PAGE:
College warns against 'deplorable and problematic' costumes

Anthony Gockowski
Investigative Reporter

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  • Grinnell College is promoting a guide to help students avoid “cultural appropriation” this Halloween, warning that some costumes could be considered “deplorable and problematic.”
  • Examples of such "deplorable" costumes include a man wearing lingerie with a sash saying "Call me Caitlyn," and a costume representing a Hindu deity.
  • Grinnell College is promoting a guide to help students avoid “cultural appropriation” this Halloween, warning that some costumes could be considered “deplorable and problematic.”

    The guide provides several examples of costumes that might fit the definition of “cultural appropriation,” defining the term as “the act of displaying people’s cultures in a disrespectful or condescending manner.”

    “Does your costume perpetuate stereotypes or inaccurately portray my culture as a joke?”   

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    The guide, called “My Identity, Not Your Costume,” goes on to list several examples of “offensive” Halloween costumes, featuring pictures of Grinnell students holding photos of costumes that would be considered disrespectful towards their culture.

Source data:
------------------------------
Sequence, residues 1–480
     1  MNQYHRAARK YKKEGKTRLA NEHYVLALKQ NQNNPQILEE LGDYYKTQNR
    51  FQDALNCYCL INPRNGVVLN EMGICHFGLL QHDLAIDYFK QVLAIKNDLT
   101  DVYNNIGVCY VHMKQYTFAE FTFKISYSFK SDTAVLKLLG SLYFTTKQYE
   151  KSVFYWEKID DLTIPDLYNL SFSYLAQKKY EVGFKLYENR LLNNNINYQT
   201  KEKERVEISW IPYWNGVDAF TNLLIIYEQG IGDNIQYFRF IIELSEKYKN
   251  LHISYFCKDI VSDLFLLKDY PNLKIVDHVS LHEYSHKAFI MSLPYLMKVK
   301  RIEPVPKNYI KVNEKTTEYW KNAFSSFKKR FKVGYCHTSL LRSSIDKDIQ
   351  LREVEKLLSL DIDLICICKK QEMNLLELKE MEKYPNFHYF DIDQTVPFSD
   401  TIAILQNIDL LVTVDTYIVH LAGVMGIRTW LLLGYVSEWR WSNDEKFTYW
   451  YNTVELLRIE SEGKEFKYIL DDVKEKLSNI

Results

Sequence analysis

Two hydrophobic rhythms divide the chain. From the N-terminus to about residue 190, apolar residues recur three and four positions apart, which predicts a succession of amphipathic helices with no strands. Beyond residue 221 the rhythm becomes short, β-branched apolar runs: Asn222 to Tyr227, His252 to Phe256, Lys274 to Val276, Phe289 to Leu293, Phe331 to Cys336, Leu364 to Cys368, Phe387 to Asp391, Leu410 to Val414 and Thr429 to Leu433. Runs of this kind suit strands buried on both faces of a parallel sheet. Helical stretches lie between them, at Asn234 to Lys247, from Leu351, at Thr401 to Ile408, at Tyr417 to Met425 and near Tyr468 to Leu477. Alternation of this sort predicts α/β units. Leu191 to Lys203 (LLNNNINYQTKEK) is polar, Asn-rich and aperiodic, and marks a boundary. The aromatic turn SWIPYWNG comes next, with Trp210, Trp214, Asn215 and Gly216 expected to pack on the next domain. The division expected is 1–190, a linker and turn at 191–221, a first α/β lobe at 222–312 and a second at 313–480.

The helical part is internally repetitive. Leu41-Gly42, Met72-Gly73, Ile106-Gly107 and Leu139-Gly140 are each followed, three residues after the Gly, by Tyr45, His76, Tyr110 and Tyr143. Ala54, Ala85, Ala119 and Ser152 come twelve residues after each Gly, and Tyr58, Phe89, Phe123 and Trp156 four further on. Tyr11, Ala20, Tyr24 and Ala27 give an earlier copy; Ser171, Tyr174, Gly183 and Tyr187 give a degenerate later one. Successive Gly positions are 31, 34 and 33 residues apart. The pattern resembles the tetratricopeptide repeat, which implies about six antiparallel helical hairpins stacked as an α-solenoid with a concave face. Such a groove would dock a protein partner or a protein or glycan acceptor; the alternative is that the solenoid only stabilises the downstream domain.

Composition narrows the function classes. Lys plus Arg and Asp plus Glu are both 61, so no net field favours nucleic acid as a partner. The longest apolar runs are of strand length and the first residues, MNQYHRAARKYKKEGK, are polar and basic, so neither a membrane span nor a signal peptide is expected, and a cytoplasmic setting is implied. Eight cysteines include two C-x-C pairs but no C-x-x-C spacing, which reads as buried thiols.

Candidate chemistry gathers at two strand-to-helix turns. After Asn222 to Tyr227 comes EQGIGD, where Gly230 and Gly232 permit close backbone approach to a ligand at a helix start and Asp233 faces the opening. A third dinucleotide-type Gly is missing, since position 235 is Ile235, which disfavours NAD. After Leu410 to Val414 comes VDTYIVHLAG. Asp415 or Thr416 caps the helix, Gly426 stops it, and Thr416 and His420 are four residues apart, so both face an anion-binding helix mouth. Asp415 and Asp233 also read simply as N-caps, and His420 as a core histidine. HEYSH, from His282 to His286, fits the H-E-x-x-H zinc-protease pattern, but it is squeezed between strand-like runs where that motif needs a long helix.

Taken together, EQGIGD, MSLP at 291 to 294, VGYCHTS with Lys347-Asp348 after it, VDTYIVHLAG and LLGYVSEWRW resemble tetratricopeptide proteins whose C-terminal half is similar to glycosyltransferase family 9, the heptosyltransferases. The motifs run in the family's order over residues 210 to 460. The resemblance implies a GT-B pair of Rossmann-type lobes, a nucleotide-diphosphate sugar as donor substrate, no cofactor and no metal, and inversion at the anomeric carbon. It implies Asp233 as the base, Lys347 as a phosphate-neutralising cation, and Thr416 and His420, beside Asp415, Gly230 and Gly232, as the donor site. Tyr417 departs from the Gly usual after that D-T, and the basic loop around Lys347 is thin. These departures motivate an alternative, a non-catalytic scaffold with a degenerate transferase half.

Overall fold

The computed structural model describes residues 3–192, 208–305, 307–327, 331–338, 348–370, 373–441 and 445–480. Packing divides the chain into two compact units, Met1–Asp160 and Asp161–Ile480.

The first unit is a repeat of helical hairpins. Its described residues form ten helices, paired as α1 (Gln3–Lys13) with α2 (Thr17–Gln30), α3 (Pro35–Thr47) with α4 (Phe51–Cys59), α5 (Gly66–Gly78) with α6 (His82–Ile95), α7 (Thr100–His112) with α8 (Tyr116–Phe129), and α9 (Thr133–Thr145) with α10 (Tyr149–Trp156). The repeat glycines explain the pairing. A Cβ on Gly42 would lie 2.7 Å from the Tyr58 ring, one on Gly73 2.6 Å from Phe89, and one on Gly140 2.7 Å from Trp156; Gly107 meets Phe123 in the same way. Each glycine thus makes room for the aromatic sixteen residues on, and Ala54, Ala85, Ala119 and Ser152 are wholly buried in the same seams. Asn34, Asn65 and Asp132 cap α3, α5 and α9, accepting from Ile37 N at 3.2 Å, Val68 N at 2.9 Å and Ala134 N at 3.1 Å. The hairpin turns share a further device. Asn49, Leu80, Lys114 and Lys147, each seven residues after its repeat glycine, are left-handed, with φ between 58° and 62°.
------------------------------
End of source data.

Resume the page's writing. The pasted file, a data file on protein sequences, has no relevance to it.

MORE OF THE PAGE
In one instance, the guide shows a picture of a burly white man dressed in lingerie with a sash proclaiming “Call me Caitlyn,” referring to Caitlyn Jenner. The photo is held by a Grinnell student wearing a “National Coming Out Day” pin, and includes a caption stating, “the misrepresentation of my identity bothers me because people categorize me by my looks and may not understand my culture.”

    Another example of culturally appropriated Halloween costumes, according to the guide, is “using other cultures as accessories to appear more hip/interesting without adequate understanding or permission,” one example of which is a picture of someone dressed as a Hindu deity being held by an Indian student and the message that such costumes are “deplorable and problematic.”

    [RELATED: Sorority warns against ‘insensitive’ pop culture costumes]

    It then warns students that if their costumes take “defining characteristics of another culture” without “permission, or understanding of the historical background behind the said culture,” then these costumes might be too offensive to wear.

    The guide then concludes with two questions the school thinks students should consider before selecting a Halloween costume, asking, “Does your costume perpetuate stereotypes or inaccurately portray my culture as a joke?” as well as “Why would I find your ‘Halloween costume’ to be offensive?”

    Campus Reform reached out to Grinnell for a comment on the matter but did not receive a response in time for publication.

    Follow the author of this article on Twitter: @AGockowski



    Anthony Gockowski

    Anthony Gockowski

    Investigative Reporter

    Anthony Gockowski is an Investigative Reporter for Campus Reform. He has previously worked for The Daily Caller, Intercollegiate Review, and The Catholic Spirit.

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